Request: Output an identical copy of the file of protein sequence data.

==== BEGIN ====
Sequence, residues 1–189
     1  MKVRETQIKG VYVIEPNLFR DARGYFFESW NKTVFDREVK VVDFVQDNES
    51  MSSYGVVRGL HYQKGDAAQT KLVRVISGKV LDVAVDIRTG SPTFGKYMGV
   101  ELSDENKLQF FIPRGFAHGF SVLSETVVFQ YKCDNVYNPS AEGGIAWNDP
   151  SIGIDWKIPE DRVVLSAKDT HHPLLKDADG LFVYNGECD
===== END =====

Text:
Sequence, residues 1–189
     1  MKVRETQIKG VYVIEPNLFR DARGYFFESW NKTVFDREVK VVDFVQDNES
    51  MSSYGVVRGL HYQKGDAAQT KLVRVISGKV LDVAVDIRTG SPTFGKYMGV
   101  ELSDENKLQF FIPRGFAHGF SVLSETVVFQ YKCDNVYNPS AEGGIAWNDP
   151  SIGIDWKIPE DRVVLSAKDT HHPLLKDADG LFVYNGECD